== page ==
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We promote and encourage research into Dulwich's fascinating past and are always keen to welcome new members. We write for the Society’s publications, give talks and guide local walks. We curate exhibitions, produce information boards and contribute to celebrations such as the Dulwich Festival.
Contact: Ian McInnes,
King’s College Hospital was established in 1840 when the physician Robert Bentley Todd persuaded the Council of King's College London to spend £25,000 converting a workhouse on Portugal Street, near Lincoln’s Inn Fields, into a teaching hospital. It soon developed into a general hospital covering the slums in the nearby area and need was so great that patients soon slept two to a bed. In 1861 the workhouse was replaced by a new building costing over £100,000 but as the surrounding area was redeveloped the slums disappeared, leading to a decline in demand for the hospital so in 1913 King’s moved to Camberwell.
Kingsley Dene was by far the biggest of the four houses built on Green Lane (now Greendale) on the Dulwich side of the railway line. Its site is now Green Dale Close and the JAPS car park. Built by Arthur Stanton Cook around 1884, Kingsley Dene’s first resident was Henry Briginshaw. Born in 1845 the son of a Putney baker, Henry became a butcher with shops in Rye Lane but he was not always the most honest shopkeeper and was fined for inaccurate scales. In 1871 he married Jane Clark and they lived in Brixton with their two children before moving to Kingsley Dene.
Bertie Sheldrake was an East Dulwich pickle manufacturer who converted to Islam and became king of a far-flung Islamic republic before returning to London and settling back into obscurity.
Bertie William Sheldrake was born in 1888, the grandson of Gosling Mullander Sheldrake who had started a pickle business, his factory was behind his house in Albany Road, Walworth. Bertie’s father, William, worked for the firm as a commercial traveller and with his wife, May, brought up their son and three daughters in various houses in the area, always close to the factory (which later moved to Cobourg Road), sometimes sharing with another family, as was common then.
The Dulwich Society marked its 50th year by installing 12 commemorative plaques to those civilians killed during World War Two. Over 500 high explosive bombs and countless incendiaries fell on our small community; they were followed by 35 V1 flying bombs and three V2 rockets. Where possible, the plaques were unveiled by survivors or descendants of those killed and they bear the names and ages of those killed. This leaflet provides a guide to those memorials: PDF Download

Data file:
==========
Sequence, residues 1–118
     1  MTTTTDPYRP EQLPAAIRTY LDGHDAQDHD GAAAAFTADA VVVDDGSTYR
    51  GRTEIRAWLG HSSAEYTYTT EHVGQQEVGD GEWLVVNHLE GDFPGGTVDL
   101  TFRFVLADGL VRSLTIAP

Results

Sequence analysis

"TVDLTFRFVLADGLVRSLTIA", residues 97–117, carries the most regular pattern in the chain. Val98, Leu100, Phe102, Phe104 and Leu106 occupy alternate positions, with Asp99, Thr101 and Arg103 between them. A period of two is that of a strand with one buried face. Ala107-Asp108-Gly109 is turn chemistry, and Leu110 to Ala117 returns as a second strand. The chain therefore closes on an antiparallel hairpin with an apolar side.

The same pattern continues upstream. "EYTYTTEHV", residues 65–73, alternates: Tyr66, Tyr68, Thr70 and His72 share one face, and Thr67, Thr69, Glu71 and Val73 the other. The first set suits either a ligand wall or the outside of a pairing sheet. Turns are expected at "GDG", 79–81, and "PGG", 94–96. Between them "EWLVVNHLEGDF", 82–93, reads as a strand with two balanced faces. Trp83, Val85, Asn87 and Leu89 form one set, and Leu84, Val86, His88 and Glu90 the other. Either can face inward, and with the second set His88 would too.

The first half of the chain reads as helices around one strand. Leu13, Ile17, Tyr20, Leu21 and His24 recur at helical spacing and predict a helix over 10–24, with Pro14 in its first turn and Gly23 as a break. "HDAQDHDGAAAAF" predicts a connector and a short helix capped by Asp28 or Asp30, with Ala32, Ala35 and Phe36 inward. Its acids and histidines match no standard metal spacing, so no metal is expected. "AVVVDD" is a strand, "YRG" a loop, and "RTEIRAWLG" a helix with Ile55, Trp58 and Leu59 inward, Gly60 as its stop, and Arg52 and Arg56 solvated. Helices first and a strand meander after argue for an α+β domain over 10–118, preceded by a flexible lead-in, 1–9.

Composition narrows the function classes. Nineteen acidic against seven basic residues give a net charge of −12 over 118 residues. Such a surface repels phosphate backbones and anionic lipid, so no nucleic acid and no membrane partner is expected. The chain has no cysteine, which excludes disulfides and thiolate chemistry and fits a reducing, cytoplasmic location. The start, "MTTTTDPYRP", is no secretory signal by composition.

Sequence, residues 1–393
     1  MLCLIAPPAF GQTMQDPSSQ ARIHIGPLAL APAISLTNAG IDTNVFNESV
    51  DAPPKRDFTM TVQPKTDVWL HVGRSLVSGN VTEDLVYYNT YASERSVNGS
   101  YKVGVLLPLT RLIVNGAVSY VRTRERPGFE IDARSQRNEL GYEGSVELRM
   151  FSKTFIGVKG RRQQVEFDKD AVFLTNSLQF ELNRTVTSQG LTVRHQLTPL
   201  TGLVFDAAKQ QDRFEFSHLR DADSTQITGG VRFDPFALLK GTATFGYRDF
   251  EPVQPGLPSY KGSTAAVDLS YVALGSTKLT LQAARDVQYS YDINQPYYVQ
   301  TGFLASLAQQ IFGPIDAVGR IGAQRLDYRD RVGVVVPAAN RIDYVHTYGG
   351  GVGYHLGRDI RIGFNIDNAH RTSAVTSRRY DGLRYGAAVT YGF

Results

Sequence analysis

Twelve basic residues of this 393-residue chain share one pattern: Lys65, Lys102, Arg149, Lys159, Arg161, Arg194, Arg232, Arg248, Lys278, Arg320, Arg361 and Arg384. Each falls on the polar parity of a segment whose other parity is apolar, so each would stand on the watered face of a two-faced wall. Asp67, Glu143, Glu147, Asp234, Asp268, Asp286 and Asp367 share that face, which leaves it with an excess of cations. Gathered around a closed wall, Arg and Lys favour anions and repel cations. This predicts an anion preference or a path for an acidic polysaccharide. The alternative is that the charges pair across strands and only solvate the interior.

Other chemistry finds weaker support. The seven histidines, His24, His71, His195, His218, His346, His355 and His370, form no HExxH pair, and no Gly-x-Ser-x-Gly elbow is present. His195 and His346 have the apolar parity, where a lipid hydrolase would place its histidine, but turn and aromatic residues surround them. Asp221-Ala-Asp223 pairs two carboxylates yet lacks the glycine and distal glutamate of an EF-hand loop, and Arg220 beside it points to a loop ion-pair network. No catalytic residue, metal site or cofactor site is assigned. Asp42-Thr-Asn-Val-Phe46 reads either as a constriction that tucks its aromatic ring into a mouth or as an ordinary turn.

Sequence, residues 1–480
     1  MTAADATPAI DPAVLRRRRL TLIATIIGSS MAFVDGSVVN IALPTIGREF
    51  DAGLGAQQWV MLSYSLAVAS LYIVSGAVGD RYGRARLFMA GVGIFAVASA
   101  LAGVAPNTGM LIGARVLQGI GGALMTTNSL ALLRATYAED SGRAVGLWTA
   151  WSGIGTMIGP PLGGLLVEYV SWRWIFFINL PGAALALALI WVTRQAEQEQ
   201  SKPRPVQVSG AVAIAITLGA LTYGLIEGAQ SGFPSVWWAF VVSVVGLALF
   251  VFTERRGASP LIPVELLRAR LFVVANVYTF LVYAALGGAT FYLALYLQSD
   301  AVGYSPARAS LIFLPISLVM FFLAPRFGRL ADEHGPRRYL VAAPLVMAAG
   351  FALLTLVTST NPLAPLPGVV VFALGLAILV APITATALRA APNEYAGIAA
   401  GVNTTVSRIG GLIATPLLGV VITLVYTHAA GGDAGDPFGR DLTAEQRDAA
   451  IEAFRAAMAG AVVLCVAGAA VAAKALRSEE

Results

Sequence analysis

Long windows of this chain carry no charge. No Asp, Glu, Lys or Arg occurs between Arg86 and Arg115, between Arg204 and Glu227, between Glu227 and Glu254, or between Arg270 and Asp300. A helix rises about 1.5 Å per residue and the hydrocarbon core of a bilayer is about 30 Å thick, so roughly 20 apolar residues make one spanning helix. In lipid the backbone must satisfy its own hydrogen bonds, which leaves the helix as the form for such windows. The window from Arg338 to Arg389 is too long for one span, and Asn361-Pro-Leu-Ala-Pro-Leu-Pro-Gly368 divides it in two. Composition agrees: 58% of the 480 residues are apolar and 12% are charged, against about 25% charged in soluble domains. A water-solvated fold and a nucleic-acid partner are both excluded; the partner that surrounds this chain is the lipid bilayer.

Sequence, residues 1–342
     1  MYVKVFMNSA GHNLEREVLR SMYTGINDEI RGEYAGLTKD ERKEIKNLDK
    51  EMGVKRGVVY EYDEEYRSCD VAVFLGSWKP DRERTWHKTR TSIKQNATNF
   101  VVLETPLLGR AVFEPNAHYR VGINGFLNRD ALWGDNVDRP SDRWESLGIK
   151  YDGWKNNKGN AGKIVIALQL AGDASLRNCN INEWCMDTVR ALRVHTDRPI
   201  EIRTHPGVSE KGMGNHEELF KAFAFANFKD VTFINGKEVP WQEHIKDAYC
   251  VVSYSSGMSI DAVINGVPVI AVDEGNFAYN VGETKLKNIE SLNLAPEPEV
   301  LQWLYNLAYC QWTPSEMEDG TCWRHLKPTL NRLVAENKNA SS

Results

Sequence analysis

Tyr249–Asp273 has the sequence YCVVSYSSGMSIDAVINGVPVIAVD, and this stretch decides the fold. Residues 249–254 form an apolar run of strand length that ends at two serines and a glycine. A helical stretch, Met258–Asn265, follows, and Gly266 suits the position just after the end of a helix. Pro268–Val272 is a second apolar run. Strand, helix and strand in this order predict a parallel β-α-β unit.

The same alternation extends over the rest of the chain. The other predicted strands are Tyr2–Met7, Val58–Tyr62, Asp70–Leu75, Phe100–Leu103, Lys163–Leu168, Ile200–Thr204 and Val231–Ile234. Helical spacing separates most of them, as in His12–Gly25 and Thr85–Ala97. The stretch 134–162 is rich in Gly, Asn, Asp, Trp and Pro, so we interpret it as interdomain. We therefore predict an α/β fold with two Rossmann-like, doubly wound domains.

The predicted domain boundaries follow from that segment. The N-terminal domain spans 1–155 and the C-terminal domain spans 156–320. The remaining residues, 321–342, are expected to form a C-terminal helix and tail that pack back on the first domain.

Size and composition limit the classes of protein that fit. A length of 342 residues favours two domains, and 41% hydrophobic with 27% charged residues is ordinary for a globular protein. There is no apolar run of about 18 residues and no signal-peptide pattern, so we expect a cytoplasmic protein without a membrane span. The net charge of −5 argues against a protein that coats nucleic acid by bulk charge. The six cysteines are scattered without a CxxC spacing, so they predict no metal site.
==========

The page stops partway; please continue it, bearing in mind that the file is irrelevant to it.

'Pond Cottages', the picturesque cluster of houses lying to the immediate south of the Mill Pond adjoining College Road, Dulwich, were not originally intended for residential use, as might be deduced from their somewhat eccentric lay-out and lack of any coherent style of architecture. Comparison of old leases reveals that from 1663 (and possibly much earlier - there were at least four 'tylemakers' in Dulwich between 1400 and 1420) until the 1780's the site was used for manufacturing tiles and, later on, bricks. In his 1808 Report, the College Surveyor William James wrote: "It would be advisable to give every encouragement to Builders, and for that purposes I recommend the College to allow the Tenants to make Bricks on their Land, free from Royalty, to be employed only on the College Estate".
".... today, parts of the ancient village, which goes back beyond Domesday Book, are reminiscent of the battlefields of France in the last war." It is difficult to imagine that this could ever have been a description of Dulwich, but it comes from a booklet, The Wardens' Post, published during Spring 1946, after the end of World War II. The editor was George Brown, sometime Warden of Post 60, a well-remembered local resident, Dulwich historian, and former editor of The Villager. The booklet, dedicated to "all our comrades who wore the silver and gold of London's Civil Defence", is one of a number of records of the Air Raid Wardens' Post 60, which have been presented to the Dulwich Society.
The Census return for 1851 gives a fascinating picture of Dulwich before the impact of the railways and the Crystal Palace, when it was still part of the administrative county of Surrey and a village in every sense. The census enumerators took their own idiosyncratic route in carrying out their duties, so that it can be difficult to link households with particular buildings. Occasionally houses are named, and it would be possible (although this has not been done for the purposes of this survey) to arrive at definitive answers to such problems of identification by consulting College leases. Allowing for a few houses which may have been included incorrectly, this appraisal is concerned with the Village, the Common, Half Moon Lane, Dulwich (now Red Post) Hill, Herne Hill, the west side of Lordship Lane, and the Penge (now College) Road, in other words the College Estate excluding Sydenham Hill.